There’s a habit of writing something down, but you also have to do that next step to feel the win. So that’s, I don’t know if that’s an Enneagram four thing. I don’t know what that is, but you can’t just record it and be like, I did the work. You also probably need to take a second and feel it otherwise you don’t get any of the lovely benefits of having written it down in the first place.

Courtney Baker:       I think this point is really, really powerful because I feel like probably in my twenties, a lot of times, again, we talked about the Enneagram a lot today. But as an Enneagram three, I looked, which is the achiever in case you’re not totally in the loop on Enneagram language. But I feel like I looked externally for that affirmation a lot. And when it didn’t come on certain things, it was like this win actually became this the opposite of a win. It was like, why didn’t I get the affirmation of that? And obviously as we grow and learn, I think realizing that really owning your wins and your accomplishments needs to come from yourself. And like you said, Nick, having that moment of acknowledging what you have done, what you’ve accomplished, counting on other people to do that, that’s bonus. That’s the icing if that comes. But if not, you’ve got to have the framework and the ability to do that for yourself.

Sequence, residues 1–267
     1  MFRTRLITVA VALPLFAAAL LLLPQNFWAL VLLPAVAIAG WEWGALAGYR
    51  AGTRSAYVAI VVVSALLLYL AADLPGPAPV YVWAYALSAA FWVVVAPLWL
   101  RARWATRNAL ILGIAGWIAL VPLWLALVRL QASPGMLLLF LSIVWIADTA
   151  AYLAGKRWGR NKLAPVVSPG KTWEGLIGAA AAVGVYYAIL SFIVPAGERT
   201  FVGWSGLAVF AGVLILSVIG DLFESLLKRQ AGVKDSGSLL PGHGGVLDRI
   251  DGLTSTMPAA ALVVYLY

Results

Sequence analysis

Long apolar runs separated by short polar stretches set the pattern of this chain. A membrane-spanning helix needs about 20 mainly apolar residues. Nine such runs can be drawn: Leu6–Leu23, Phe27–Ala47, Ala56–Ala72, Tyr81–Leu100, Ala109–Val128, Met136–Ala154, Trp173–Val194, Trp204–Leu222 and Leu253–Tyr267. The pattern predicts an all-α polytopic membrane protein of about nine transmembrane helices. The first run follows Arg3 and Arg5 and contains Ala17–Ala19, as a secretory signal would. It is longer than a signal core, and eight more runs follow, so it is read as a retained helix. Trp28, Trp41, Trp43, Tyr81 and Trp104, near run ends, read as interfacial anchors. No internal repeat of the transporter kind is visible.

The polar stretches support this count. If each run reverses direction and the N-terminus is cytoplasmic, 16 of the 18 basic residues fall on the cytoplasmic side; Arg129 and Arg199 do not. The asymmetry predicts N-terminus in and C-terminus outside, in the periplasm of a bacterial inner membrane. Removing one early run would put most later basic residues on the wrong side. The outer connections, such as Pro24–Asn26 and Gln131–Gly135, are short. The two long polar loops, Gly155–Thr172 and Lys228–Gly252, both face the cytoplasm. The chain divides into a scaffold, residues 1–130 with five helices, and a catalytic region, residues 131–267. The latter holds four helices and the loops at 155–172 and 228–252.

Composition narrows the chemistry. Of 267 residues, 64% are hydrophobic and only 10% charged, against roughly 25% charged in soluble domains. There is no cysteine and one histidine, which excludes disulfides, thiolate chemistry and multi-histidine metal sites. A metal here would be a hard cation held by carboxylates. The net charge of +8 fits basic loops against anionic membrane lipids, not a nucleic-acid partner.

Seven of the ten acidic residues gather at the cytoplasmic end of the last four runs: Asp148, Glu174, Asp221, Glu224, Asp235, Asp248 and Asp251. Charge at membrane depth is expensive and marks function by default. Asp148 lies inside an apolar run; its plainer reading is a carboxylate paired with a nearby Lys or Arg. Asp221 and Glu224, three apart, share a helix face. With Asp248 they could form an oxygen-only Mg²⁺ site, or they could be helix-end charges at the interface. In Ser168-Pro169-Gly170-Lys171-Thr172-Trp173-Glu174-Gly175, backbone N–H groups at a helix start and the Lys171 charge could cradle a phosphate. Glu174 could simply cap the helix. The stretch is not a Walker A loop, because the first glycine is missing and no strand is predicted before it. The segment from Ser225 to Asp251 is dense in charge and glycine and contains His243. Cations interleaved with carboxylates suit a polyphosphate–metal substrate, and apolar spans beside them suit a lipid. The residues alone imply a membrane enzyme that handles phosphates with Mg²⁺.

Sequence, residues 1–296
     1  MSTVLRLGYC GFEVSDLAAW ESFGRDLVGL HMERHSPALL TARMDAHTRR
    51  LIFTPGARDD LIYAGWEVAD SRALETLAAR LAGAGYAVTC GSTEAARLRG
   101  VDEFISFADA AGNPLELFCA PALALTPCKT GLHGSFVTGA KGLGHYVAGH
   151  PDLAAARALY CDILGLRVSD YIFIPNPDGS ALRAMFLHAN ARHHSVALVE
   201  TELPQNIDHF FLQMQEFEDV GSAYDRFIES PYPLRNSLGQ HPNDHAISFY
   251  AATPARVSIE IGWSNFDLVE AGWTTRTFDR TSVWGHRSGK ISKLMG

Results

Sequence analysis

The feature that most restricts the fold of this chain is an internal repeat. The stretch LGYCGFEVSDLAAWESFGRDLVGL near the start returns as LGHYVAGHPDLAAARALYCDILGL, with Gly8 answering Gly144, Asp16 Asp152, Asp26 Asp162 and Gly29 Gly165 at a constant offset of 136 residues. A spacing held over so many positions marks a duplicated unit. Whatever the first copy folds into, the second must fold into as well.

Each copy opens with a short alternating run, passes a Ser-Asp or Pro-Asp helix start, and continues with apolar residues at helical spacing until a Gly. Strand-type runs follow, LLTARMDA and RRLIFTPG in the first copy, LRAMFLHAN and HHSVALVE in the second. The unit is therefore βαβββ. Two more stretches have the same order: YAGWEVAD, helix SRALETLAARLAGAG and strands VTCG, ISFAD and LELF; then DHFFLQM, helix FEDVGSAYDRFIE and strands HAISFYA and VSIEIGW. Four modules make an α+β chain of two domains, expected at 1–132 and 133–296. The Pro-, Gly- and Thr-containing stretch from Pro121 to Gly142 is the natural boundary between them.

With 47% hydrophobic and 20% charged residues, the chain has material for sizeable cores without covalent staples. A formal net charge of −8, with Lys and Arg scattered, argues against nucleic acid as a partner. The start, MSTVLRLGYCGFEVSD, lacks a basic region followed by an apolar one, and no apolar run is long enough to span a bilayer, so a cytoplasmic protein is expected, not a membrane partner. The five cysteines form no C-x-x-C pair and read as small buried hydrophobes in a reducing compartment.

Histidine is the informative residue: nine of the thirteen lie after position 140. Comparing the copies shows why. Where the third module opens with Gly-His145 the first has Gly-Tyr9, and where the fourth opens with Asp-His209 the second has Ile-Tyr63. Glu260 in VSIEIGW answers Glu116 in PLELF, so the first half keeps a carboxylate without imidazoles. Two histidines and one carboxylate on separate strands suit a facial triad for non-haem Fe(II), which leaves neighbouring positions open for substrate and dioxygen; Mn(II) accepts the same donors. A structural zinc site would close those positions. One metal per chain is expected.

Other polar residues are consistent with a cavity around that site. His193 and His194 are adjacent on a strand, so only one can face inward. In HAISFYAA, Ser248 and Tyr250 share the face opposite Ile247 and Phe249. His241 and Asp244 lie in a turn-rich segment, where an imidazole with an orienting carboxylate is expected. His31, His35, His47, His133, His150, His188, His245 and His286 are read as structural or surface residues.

And again, without it, that’s where you get into some of these other things that we’ve talked about with complaining and the whole flip side of not seeing wins. So I think this is really powerful.

Verbs Boyer:             So the good news is you don’t have to stay in the funk that you’re in. You can get out of that seeping negativity. By recording your wins, you can improve your self-esteem, see what’s working, mitigate complaining and increase your overall happiness. So before we wrap, are there any final thoughts for our focus on these listeners?

Courtney Baker:       Well, I just want to remind everybody that this is why the Full Focus system is so powerful. This is built into the weekly preview. We referenced it a couple of times, but if you’re still on the fence about doing a weekly preview or maybe you’ve got off track, this is the week it’s built in. It’s going to give you the tools for all the things that we’ve talked about today to get that as kind of an automated practice of acknowledging your win. So highly encourage you doing that.

Verbs Boyer:             Thank you, the listener, for joining us on Focus On This. This is the most productive podcast on the internet. So please share it with your friends and don’t forget to join our Full Focus planner community right there on Facebook. We’ll be here next week with another great episode, but until then stay focused.

Courtney Baker:       Stay focused.